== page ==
Rethinking the funding of scientific careers together

© Matthieu Gafsou / SNF

The SNSF is conducting a fundamental review of funding for early-career scientists. It has invited its institutional partners to discuss this key issue for the future of research.

Supporting early-career scientists is one of the SNSF's primary concerns. It is constantly refining its funding schemes to respond to the realities of researchers' daily lives. “Current funding mechanisms seem to fall short of addressing the evolving needs of the 21st century, including more flexibility and permeability of careers across sectors of activity. Numerous studies and initiatives, in Switzerland and elsewhere, show that dependency and working conditions can also hinder the progress of early-career scientists,” points out Katrin Milzow, member of the Executive Board and Head of Research Development at the SNSF. “With this in mind, the SNSF would like to work with its partners on a fundamental review of the issue of career funding.”

A priority concern

“For the Presiding Board of the SNSF Research Council, reassessing the strategy for encouraging early-career scientists is a priority issue,” says Stuart Lane, president of the specialised committee careers. Since summer 2023, the SNSF has been working to develop innovative approaches to support researchers at the start of their careers.

Identifying key issues

As a first step, the SNSF carried out an analysis of the current situation, identifying the strengths, weaknesses, opportunities and challenges for the institution in relation to the theme.

It has also highlighted the main problems associated with the academic careers that the SNSF supports and, more broadly, with scientific careers in both the public and private sectors. “To do this, we have taken into account the results obtained to date from the cohort studies that we have been conducting since 2018 among applicants to its career development instruments, as well as the results of the survey on the working conditions of project staff conducted in 2022,” explains Katrin Milzow. Various studies and other contributions from national and international scientific partners have also provided important information.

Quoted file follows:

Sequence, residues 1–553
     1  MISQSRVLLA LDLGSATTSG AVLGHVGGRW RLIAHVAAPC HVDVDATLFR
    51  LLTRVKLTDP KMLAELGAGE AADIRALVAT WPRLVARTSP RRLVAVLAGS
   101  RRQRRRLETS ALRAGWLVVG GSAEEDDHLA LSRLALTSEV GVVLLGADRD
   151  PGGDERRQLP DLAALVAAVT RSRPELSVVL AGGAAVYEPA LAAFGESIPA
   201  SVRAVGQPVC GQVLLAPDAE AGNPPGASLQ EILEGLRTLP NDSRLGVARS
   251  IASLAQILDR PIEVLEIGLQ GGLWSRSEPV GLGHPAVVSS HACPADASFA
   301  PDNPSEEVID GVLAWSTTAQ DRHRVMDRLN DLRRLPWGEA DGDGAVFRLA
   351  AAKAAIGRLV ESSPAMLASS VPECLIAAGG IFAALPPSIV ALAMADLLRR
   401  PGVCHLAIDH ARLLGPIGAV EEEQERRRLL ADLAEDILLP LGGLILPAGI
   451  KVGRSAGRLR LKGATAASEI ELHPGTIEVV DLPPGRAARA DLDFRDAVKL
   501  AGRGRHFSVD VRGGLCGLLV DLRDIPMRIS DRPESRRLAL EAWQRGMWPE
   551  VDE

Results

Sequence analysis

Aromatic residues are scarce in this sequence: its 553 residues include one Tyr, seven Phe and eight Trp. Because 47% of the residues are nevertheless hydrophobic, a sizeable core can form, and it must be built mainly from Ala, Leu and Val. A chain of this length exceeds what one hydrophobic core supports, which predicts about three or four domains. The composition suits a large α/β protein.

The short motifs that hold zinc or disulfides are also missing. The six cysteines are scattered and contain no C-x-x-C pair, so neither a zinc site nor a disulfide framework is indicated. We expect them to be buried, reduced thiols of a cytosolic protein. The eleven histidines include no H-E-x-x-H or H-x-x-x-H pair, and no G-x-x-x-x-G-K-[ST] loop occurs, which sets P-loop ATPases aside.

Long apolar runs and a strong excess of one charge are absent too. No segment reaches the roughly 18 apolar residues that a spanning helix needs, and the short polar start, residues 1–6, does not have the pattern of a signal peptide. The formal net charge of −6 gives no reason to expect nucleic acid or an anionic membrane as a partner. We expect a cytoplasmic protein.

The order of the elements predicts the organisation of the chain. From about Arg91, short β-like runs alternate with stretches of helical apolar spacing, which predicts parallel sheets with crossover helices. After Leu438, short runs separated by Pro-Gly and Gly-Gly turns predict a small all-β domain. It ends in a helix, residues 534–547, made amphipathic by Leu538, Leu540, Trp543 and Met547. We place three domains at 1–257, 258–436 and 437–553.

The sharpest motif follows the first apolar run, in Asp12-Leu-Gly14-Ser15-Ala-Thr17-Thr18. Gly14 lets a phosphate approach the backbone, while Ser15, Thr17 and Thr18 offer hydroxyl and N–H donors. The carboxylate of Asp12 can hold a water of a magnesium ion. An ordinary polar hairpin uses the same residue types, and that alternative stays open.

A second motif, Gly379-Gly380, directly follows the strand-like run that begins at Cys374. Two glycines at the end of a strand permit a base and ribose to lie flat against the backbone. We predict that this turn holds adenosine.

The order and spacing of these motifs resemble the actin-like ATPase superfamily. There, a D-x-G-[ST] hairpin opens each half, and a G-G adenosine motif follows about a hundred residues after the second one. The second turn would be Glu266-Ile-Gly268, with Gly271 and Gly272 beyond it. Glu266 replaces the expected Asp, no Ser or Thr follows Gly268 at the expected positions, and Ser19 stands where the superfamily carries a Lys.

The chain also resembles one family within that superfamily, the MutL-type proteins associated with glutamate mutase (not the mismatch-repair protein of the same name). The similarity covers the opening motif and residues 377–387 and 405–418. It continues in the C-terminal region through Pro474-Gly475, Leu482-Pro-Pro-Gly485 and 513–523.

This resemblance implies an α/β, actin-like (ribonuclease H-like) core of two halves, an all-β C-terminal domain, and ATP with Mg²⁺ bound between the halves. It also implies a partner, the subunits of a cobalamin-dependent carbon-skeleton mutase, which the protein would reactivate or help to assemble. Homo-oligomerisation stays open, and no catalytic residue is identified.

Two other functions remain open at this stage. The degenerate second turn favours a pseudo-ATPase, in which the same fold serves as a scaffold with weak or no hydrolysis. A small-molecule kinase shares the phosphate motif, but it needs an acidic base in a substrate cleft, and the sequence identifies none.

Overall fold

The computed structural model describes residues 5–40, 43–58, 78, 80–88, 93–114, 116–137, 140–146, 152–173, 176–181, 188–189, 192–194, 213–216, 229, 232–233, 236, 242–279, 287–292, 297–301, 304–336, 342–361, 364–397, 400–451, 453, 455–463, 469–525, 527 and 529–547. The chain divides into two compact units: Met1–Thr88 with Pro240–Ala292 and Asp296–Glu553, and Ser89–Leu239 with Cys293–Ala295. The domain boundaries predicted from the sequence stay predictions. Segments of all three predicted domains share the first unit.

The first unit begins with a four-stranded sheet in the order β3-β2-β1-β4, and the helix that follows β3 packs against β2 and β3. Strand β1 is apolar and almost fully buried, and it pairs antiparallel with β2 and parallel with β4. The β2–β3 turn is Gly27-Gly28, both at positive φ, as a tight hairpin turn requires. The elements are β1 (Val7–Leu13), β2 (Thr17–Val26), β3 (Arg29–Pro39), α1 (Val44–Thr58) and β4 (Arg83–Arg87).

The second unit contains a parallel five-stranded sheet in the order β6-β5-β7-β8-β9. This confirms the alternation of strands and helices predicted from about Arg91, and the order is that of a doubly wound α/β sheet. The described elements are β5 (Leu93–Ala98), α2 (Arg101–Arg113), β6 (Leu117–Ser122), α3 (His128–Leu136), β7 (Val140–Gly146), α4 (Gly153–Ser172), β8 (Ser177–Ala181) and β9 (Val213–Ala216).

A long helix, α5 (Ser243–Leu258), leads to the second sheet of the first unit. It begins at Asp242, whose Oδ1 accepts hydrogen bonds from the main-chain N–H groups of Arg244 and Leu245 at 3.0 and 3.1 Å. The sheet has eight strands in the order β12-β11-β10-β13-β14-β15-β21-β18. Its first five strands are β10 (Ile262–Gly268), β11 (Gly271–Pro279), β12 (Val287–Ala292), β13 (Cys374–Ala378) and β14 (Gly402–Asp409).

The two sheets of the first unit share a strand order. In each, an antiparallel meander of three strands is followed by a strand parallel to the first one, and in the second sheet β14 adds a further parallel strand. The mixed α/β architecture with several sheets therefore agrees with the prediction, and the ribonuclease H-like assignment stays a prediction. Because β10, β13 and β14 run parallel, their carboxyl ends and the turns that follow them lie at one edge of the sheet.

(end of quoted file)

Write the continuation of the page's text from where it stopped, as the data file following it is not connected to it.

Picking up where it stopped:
Four central themes emerged from these analyses: the tension between the importance of international mobility and its negative consequences; the valorisation of non-academic careers and support for non-linear careers; the compatibility of evaluation criteria with the objectives of career development; and the importance of attractive working conditions for new generations of researchers, which are also necessary to guarantee the excellence of their research.

Discussions with stakeholders

Following these preliminary analyses, the SNSF has developed a concept to initiate a dialogue with all the stakeholders involved in scientific careers. This is why it has just launched a call for participation in a full-day workshop to address the identified issues. The SNSF invites its institutional partners (higher education institutions, associations of early-career researchers, etc.) to nominate potential participants who can contribute to these discussions and who are willing to engage in a process of exchange. “The aim is to put different points of view into perspective and to work together on proposals to define the broad outlines of the SNSF's strategy for funding the careers of tomorrow,” explains Stuart Lane. The first discussions will take place in autumn 2024.

By involving early-career researchers in these discussions about career funding, the SNSF aims not only to improve their situation, but also to strengthen the development of research and to increase its value to society.